Travel Booking Sites Are Booming, and Investors Are Along for the Ride

Shutterstock/Andrey Burmakin

Folks are turning to the Internet more and more in planning business trips and personal getaways -- and investors are cashing in on the trend.

Shares of Orbitz Worldwide (OWW) soared 18 percent last week after posting better than expected quarterly results. Revenue climbing 4 percent and profitability clocking in at 5 cents a share may not seem very impressive, but analysts were settling for the volatile travel portal to merely break even on flattish revenue growth. Strength in its hotel bookings were more than enough to offset weakness in airline reservations.

Orbitz Worldwide's larger and faster-growing peers (PCLN) and Expedia (EXPE) went along for the ride, climbing 7 percent and 4 percent respectively. They both went on to hit new all-time highs.

Seeing an industry laggard start to grow profitably again -- and Orbitz Worldwide is calling for modest continued growth into 2014 -- was enough to get the market behind the popular providers of lodging, air travel, car rental, cruise and vacation package reservations.

This isn't just a one-week phenomenon. Priceline and Expedia shares have soared 174 percent and 171 percent since the end of 2011. Orbitz Worldwide has also more than doubled in that time, and it's up a whopping 223 percent since the start of 2013.

The Ins and Outs of Inn Outings

Orbitz Worldwide's report would have been better if it wasn't held back by an 11 percent decline in airline ticket sales. Priceline and Expedia are growing their airfare sales, but modestly, compared to their hotel reservations.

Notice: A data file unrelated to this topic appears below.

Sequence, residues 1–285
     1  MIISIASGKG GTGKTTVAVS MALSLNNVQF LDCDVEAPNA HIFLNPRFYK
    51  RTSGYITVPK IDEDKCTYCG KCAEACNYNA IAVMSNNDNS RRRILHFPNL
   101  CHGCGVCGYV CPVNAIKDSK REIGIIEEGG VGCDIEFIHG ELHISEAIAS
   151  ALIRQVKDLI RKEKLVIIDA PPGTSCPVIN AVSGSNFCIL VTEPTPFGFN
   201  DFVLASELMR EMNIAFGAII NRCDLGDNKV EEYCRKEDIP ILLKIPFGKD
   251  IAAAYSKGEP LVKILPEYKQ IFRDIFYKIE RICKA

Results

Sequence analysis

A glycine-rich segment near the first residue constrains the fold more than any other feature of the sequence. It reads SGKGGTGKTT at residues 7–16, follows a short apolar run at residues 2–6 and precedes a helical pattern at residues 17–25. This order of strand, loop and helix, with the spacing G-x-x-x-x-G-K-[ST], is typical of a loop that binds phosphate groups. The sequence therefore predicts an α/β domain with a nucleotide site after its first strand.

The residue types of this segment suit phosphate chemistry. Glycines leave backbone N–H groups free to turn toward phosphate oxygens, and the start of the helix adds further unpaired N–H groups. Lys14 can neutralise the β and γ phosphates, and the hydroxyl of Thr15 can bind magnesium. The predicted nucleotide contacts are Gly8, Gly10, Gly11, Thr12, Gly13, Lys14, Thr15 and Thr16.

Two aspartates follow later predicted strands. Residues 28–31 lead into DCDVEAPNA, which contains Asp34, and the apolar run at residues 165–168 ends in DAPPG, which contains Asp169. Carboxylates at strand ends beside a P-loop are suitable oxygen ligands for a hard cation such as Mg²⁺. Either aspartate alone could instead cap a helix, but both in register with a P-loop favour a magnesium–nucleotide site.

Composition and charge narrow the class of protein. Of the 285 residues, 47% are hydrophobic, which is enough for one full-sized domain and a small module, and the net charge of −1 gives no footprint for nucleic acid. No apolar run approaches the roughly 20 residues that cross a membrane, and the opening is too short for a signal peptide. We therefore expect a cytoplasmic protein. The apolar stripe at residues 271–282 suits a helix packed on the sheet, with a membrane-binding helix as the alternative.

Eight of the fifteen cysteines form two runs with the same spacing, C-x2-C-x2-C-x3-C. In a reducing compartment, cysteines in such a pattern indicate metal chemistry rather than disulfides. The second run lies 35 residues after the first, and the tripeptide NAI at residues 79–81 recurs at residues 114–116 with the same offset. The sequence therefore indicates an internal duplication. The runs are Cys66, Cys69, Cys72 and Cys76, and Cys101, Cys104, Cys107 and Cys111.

This isn't a surprise. Airlines have done a good job of marketing directly to passengers. There are a lot of people on frequent flyer programs, so they often head directly to an air carrier's website when it's time to book a trip. Pricing is also pretty competitive between airlines. There may not be a lot of carriers offering the desired route, but they are quick to respond to what rivals are doing. This makes it less likely for folks researching travel on their PCs, tablets, or smartphones to hit up a portal to see what flights are available.

So it's not a surprise to see that air ticketing accounted for just 8 percent of Expedia's business during the holiday quarter, but hotel bookings gobbled up 71 percent of the mix.

Given the larger number of options and the wider pricing disparity, the pricing game is different. Lodging establishments get more aggressive in filling up vacant rooms since they have lower costs to justify than an airline. There are also so many classes of hotels, motels and other overnight resting spots that they can march to their own pricing beat.

Travel Abroad

Investors are not just limited to domestic travel websites, even though it should be noted that the three major publicly traded portals also have a lot of exposure overseas. Priceline generates a lot of its revenue through its European subsidiary, and there's a reason why the company name is Ortbitz Worldwide and not just Orbitz.

%VIRTUAL-article-sponsoredlinks%However, investors wanting a pure play on the international appetite for travel can turn to (CTRP) as China's leader and MakeMyTrip (MMYT) as the top player in India. Ctrip joined Orbitz Worldwide in the winner's circle last week, soaring 16 percent after posting better-than-expected quarterly earnings on a 31 percent surge in revenue.

MakeMyTrip hasn't been as fortunate, but India's economy has yet to embrace travel and the Internet the way that most other large nations have. India's rupee currency has also been diminishing in value, making it harder for investors to participate in the potential growth.

Investors have still generally been profiting from buying into the global providers of online travel. As long as the worldwide economy continues to show signs of life, that's unlikely to change anytime soon.

Motley Fool contributor Rick Munarriz has no position in any stocks mentioned. The Motley Fool recommends International and The Motley Fool owns shares of Try any of our Foolish newsletter services free for 30 days. ​

Originally published